She considers him, a small smirk playing at her lips.

“Maybe he’s not missing you as much as I think,” she murmurs. “Tell me, Clarence, what do you write him about?”

“It’s nothing to you,” Cas growls, and Meg snorts.

“Ooh, scary. I bet you tell him about your training and your little books, don’t you?”

Cas flushes.

“I tell him what’s happening while he’s away.”

Meg’s grin just gets wider.

“Sure,” she says slowly. “But does he tell you everything that happens while he’s away?”

“Yes.” Cas holds up the letter. “As you can see, he even tells me about what he eats .”

Meg finds this hilarious for some reason.

“It’s okay, angel,” she says, patting him on the shoulder and strolling to her own bunk. “I won’t tell anyone.”

Cas glares after her for a moment, then crawls into bed and rereads his letter.

His good mood is considerably dampened, and he doesn’t even know what she means.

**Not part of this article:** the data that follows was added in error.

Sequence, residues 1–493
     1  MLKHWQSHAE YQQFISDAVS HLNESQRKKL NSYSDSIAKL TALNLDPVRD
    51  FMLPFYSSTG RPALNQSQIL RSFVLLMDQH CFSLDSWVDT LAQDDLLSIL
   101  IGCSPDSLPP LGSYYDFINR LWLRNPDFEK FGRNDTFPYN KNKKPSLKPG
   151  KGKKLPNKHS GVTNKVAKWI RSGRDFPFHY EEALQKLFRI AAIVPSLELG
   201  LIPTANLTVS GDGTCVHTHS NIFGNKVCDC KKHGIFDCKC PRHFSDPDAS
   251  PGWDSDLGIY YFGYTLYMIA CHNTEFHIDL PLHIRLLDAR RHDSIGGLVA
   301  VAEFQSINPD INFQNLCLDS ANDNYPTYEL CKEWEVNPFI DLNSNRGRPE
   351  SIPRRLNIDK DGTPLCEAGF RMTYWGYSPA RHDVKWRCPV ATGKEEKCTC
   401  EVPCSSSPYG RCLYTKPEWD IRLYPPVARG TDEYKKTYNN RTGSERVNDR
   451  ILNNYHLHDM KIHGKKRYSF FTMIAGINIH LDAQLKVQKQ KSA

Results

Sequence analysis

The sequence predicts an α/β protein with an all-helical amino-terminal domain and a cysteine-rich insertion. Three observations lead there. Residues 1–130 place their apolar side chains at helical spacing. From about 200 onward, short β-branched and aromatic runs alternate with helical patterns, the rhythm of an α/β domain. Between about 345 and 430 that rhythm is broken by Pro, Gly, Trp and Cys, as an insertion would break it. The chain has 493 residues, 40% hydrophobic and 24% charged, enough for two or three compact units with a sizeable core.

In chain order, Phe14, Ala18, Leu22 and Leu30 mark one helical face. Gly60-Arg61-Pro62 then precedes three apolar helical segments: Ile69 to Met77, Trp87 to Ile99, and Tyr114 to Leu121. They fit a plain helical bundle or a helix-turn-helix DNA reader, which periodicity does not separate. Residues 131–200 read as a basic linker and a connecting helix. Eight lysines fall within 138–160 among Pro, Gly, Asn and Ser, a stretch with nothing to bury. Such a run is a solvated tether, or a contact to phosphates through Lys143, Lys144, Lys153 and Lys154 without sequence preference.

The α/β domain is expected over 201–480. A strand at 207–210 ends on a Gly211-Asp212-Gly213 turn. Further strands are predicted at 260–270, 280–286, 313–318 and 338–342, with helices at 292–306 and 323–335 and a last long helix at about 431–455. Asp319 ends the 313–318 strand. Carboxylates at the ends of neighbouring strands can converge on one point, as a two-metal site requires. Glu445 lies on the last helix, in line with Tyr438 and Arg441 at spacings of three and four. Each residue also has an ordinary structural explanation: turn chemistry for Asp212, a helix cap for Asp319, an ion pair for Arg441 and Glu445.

“Meg was mocking me last night,” Cas tells Sam the next day, before Sam has a chance to open his book. “She seems to think there’s something wrong with what Dean writes me about. And that there are things he’s not telling me.”

Sam blinks.

“Wait — you show her your letters?”

He sounds a little hurt, and Cas quickly shakes his head.

“No, she stole this one. It was extremely rude.”

“Well, yeah. Even for a joke, that’s going way too far.”

“Right? Thank you, Sam.” Cas sighs. “And then she had to nerve to be critical, although I’m inclined to think she was just being ridiculous. She said she was expecting ‘sonnets’ or ‘something dirty.’”

Sam freezes.


“Which is another thing. Why doesn’t Dean send me dirty jokes? I’m certainly old enough, and I understand most of them.”

Sam fidgets with the hem of his shirt.

“Oh, well, he, um, he probably thinks you wouldn’t enjoy them. He doesn’t want to, um, bore you.”